September 03, 2010
As an amendment to the Collective Bargaining Agreement dealing with long-term contracts is finalized, there's been a raging debate over whether the NHLPA comes out a winner or loser.
I don't believe the NHLPA had any intention of opening up the CBA to address the structure of long-term contracts before it needed to in the next CBA negotiation.
The ill-defined rules were allowing players like Johan Franzen(notes) to remain with the Detroit Red Wings, Roberto Luongo(notes) to remain with the Vancouver Canucks and Marian Hossa(notes) to sign with the Chicago Blackhawks to win his first Stanley Cup. They were vague enough where the NHL could only wag a finger and say "don't do that" to teams circumventing the cap.
That is, until the Ilya Kovalchuk(notes) 17-year, $102 million contract raised the bar on structural absurdity, gave the NHL a contract to attack and resulted in a landmark arbitration victory for the League. With momentum, the NHL managed to compel the NHLPA to do something no labor union should want to do in a non-crisis situation: Engage in a round of collective bargaining under a valid CBA, from a defensive posture. The fact that the NHLPA had to sit at that table and define the previously undefined is, to me, a defeat.
However, sometimes you start with crap and end with fertilizer. The contracts of Kovalchuk, Hossa, Luongo and Marc Savard(notes) as safe, according to multiple sources. While long-term contracts have now been defined as five or more years under the proposed amendments, a player like Drew Doughty(notes) (20) could still sign a 15-year deal tonight and have it work under the new CBA rules.The NHL hasn't touched that kind of contract ... yet.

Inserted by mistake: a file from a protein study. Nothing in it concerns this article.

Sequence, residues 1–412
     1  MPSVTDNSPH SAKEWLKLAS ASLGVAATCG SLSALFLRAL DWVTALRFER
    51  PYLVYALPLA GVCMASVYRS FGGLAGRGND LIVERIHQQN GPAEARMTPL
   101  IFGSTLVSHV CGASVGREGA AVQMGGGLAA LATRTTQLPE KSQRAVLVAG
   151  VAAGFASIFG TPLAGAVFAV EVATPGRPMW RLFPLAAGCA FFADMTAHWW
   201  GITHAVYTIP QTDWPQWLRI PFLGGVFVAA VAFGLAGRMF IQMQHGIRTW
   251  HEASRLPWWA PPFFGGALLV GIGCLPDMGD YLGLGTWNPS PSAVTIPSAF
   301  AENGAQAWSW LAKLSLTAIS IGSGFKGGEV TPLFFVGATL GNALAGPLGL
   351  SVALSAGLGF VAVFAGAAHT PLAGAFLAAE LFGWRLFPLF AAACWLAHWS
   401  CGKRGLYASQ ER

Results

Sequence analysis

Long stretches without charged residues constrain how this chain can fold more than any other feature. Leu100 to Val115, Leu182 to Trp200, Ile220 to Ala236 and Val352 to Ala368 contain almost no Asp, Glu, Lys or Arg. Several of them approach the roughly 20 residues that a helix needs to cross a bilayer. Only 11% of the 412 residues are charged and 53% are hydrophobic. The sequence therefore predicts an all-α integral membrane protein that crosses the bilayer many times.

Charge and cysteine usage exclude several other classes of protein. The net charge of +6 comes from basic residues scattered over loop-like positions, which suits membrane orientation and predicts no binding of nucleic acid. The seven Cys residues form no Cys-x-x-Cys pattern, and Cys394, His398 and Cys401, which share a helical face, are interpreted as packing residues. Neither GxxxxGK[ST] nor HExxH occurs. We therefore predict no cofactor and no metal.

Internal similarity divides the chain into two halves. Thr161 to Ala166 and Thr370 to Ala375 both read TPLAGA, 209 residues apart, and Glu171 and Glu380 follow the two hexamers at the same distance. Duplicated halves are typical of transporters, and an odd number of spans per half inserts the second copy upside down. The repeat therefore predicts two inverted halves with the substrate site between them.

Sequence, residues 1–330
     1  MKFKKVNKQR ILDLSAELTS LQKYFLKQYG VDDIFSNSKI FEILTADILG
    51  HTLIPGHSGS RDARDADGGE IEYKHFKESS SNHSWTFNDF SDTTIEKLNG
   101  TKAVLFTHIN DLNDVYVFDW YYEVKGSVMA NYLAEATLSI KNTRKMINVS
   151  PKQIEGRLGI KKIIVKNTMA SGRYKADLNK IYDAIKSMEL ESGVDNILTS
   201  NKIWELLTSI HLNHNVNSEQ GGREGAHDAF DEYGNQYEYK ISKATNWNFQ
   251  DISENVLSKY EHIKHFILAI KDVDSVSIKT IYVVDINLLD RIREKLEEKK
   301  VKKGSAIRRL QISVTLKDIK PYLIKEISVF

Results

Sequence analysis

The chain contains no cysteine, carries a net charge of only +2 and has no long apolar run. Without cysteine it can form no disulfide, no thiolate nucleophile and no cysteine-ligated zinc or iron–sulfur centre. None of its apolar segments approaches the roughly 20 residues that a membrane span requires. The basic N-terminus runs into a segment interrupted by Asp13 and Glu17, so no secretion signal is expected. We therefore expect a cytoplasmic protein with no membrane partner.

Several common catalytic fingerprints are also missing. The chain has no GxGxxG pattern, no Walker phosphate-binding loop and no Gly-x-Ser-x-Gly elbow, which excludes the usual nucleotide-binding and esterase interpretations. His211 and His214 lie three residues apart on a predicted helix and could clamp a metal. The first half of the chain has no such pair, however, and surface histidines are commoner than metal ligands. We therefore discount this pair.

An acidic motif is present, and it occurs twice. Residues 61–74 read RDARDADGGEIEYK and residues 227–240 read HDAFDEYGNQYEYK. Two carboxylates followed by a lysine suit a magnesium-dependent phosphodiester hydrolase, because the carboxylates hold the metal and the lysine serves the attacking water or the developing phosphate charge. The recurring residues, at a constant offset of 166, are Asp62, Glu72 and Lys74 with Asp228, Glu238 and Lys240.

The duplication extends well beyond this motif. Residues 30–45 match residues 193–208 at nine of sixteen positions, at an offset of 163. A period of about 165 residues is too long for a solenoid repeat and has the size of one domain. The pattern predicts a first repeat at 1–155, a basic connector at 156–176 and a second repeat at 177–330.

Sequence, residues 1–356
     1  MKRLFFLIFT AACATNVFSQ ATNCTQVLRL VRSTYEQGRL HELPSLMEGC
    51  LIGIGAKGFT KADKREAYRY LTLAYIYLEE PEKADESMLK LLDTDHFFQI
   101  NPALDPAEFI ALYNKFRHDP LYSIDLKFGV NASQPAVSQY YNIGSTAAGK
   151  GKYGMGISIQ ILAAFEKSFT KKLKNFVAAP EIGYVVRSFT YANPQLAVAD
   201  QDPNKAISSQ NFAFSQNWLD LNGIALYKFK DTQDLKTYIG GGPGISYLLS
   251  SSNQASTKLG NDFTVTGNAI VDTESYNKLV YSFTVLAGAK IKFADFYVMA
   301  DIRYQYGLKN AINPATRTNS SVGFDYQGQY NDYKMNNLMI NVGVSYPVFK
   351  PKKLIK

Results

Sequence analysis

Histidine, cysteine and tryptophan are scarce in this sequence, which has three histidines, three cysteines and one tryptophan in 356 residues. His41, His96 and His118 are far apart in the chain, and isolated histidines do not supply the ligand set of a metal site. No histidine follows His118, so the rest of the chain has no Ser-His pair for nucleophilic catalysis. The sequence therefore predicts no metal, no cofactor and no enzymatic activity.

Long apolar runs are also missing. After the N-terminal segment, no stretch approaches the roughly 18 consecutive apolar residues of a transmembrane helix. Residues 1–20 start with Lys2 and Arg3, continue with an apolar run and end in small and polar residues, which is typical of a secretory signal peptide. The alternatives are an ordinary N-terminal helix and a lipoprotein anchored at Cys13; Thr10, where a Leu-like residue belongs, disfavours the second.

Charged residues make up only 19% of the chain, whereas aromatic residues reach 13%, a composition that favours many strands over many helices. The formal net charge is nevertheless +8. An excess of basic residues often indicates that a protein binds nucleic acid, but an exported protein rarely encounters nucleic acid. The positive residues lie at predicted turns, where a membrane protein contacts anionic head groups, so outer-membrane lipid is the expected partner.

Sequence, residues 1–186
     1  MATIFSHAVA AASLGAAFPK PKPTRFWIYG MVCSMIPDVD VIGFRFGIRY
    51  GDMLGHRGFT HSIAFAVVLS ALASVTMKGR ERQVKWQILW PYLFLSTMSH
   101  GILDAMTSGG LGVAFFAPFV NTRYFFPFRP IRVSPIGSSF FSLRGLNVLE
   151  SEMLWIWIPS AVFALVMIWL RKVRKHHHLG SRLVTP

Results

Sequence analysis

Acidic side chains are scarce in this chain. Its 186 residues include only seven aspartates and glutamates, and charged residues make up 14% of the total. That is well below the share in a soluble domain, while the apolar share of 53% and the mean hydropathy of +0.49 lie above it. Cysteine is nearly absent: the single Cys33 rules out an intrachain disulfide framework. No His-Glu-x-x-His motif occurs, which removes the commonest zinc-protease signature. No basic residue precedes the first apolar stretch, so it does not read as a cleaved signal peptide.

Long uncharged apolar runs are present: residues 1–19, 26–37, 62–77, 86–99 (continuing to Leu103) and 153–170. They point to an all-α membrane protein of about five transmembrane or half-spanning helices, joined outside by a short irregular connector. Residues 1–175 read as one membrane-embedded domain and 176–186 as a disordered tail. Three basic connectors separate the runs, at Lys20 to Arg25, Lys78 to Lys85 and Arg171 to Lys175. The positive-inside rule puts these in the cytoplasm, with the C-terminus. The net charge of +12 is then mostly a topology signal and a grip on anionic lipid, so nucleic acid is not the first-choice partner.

TSN is reporting the details of the CBA amendment, and what you get out of the tangled mess of numbers and years are a few concessions from the players and a win for the NHL in rendering years after age 40 meaningless for a cap hit at, say, age 32.
First: For long-term contracts extending beyond the age of 40, the contract's average annual value for the years up to and including 40, are calculated by dividing total value in those years by the number of years up to and including 40. Then for the years covering ages 41 and beyond, the cap charge in each year is equal to the value of the contract in that year.
Secondly, for long-term contracts that include years in which the player is 36, 37, 38, 39 and 40; the amount used for purposes of calculating his average annual value is a minimum of $1 million in each of those years (even if his actual compensation is less during those seasons).
(You're correct, it's too late on a Friday to process that.)
So those are the details at the moment, with the NHL and NHLPA working into the night. Among the details yet to be determined: Any punitive damages for the Devils and Kamp Kovalchuk for their previous attempt at circumvention.